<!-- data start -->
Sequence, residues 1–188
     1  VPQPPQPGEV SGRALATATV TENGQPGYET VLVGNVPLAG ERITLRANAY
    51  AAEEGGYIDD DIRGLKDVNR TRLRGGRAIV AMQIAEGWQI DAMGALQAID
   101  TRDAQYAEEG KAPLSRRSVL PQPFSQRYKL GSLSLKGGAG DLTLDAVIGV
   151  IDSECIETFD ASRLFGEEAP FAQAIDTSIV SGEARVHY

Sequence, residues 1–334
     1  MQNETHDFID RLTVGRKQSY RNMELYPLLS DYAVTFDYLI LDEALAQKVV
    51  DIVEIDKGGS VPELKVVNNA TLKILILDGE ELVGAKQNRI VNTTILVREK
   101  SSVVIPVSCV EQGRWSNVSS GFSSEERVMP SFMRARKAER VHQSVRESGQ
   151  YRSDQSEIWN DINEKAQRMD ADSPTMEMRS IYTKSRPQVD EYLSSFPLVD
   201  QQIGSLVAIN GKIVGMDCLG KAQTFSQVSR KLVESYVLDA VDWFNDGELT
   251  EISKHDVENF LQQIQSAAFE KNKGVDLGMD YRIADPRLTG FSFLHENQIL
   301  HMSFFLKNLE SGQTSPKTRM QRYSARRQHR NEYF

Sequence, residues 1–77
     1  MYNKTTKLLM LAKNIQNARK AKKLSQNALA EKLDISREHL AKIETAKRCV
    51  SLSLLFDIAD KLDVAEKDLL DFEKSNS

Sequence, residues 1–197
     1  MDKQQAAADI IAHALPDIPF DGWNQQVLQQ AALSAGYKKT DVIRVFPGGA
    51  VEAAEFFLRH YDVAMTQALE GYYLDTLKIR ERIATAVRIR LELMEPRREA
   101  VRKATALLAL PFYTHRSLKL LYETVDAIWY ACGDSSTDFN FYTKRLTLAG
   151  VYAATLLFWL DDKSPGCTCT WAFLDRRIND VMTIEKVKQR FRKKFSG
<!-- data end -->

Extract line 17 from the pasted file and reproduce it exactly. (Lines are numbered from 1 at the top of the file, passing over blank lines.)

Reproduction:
Sequence, residues 1–197